[263 U.S. 158, 159] Mr. Arthur E. Griffin, of Seattle, Wash., for defendant in error.
Messrs. F. G. Dorety, of St. Paul, Minn., and Edwin C. Matthias, of Seattle, Wash., for plaintiff in error.
Mr. Justice BRANDEIS delivered the opinion of the Court.
This suit was brought in 1921 by a citizen of Washington in a court of that state to recover, under a state statute, for death caused by the negligence of the Great Northern Railway while under federal control. The government had surrendered possession February 28, 1920. The railway, a Minnesota corporation, and James Cox Davis, as Agent designated by the President pursuant to title 2, 206a, of Transportation Act Feb. 28, 1920, c. 91, 41 Stat. 456, were made defendants. Removal to the federal court was prayed for, and granted, on the ground of diversity of citizenship and also on the ground that the suit was one arising under the laws of the United States. The District Court ordered that the suit be dismissed as against the railway; and later entered judgment [263 U.S. 158, 160] against Davis. That judgment was affirmed by the Circuit Court of Appeals and is brought here by writ of error under section 241 of the Judicial Code (Comp. St. 1218). Respondent moves to dismiss the writ of error on the ground that under section 128 (Comp. St. 1120) the judgment below is final.
The cause of action for a death was created by state statute. But the case is one arising under the laws of the United States; for it is only by reason of the federal law that any suit may be brought against this defendant. Sonnentheil v. Moerlein Brewing Co., 172 U.S. 401, 404 , 405 S., 19 Sup. Ct. 233; Matter of Dunn, 212 U.S. 374 , 29 Sup. Ct. 299. The amount in controversy exceeds $1,000, besides costs. The ground of removal set out in the petition is both diversity of citizenship and that the case arises under federal law. It may, therefore, be brought here under section 241 (Southern Pacific Co. v. Stewart, 245 U.S. 359 , 38 Sup. Ct. 130; Id., 245 U.S. 562 , 38 Sup. Ct. 203), unless the case is one of those arising under federal law in which Congress has denied the right of removal to the federal court, and/or is one of those so arising in which the judgment of the Circuit Court of Appeals has been made final. The question presented is one of construction.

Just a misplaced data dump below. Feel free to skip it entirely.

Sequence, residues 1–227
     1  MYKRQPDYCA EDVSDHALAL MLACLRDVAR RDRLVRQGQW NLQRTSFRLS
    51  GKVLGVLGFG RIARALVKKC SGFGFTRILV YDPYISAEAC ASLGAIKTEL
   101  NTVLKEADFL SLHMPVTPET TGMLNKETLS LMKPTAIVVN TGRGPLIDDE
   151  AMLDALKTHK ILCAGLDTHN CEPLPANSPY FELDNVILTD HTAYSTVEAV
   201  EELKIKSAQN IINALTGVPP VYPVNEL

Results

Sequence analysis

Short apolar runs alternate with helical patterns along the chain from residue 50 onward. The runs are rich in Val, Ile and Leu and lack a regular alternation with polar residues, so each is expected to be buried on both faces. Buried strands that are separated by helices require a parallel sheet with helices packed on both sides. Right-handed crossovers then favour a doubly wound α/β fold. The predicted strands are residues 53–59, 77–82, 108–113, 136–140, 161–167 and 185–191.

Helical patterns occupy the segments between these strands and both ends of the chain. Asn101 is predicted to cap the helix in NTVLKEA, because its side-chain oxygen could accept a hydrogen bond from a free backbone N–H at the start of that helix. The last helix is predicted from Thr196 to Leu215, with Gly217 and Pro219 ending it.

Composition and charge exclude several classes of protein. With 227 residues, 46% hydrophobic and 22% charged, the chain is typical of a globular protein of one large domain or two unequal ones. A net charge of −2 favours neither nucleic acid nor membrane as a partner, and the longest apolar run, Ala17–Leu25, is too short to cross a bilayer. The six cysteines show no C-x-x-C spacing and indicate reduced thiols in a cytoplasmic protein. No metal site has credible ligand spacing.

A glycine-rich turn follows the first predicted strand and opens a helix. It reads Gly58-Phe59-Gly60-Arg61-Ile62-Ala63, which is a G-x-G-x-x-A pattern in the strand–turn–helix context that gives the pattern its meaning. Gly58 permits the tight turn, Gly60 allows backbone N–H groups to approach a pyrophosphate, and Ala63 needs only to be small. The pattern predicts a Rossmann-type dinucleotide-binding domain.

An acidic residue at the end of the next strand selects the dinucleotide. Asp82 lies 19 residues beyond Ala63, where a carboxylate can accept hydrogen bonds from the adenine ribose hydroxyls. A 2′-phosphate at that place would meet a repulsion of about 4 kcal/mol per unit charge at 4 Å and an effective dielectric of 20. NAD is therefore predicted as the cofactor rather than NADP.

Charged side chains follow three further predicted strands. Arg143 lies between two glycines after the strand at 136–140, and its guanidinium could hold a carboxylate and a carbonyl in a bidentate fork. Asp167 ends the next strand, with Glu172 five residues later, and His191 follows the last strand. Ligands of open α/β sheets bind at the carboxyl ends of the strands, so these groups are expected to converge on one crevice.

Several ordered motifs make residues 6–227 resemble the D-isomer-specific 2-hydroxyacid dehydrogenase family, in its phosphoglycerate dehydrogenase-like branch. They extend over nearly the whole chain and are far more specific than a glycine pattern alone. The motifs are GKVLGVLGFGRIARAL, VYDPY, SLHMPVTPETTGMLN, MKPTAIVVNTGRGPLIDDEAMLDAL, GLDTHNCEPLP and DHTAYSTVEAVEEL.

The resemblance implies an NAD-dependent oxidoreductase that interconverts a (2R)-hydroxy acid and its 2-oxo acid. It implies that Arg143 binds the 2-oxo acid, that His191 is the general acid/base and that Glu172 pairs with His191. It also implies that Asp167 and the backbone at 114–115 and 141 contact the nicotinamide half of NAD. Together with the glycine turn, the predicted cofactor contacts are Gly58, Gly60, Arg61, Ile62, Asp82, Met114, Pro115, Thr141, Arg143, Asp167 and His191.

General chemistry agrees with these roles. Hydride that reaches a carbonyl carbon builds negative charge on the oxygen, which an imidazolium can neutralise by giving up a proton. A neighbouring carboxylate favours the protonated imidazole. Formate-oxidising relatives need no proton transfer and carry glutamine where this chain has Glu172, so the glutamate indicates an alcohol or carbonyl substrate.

The right to sue the government for injuries arising under federal control rests on section 10 of the Federal Control Act of March 21, 1918, c. 25, 40 Stat. 451 (Comp. St. 1918, Comp. St. Ann. Supp. 1919, 3115 3/4 j), Missouri Pacific R. R. Co. v. Ault, 256 U.S. 554 , 41 Sup. Ct. 593. That section provides that 'actions at law ... may be brought by and against such carriers ... as now provided by law,' but that there shall not be 'transferred to a federal court any action ... which ... was not so transferable prior to the federal control.' Therefore, if, during federal control, this suit had been begun against the Director General he could not have removed it to the federal court on the ground that it is a suit arising under the laws of the United States; and, since the jurisdiction of the District Court would have rested wholly on diversity of citizenship, the [263 U.S. 158, 161] judgment of the Circuit Court of Appeals would have been final. Upon the termination of federal control it was necessary to make provision for suits then pending, and also for such as might thereafter be brought based on causes of action arising during the period of operation by the government. This was done in Transportation Act 1920, by section 206, subdivisions (a), (b), (c), (d), and (f), which provide, among other things, that an agent to be designated by the President shall be substituted for the Director General in suits then pending; and that the agent shall be made the defendant in suits thereafter commenced. That act contains no provision relating to the removal of causes to the federal courts. There is no reason to suppose that Congress intended to make a change in this respect and give the right of removal in suits then pending, merely because the representative of the government was, after February 28, 1920, to be designated agent and to have limited powers, instead of being the Director General who possessed broad powers. Nor is any reason suggested why Congress should have desired to confer upon such agent larger rights of removal, or of review by this court, than had been enjoyed theretofore by the Director General. In the absence of specific provision to that effect we must assume that Congress intended to leave the law unchanged.
The only ground for removal in this case was diversity of citizenship. Hence the judgment of the Circuit Court of Appeals is final.
Writ of error dismissed.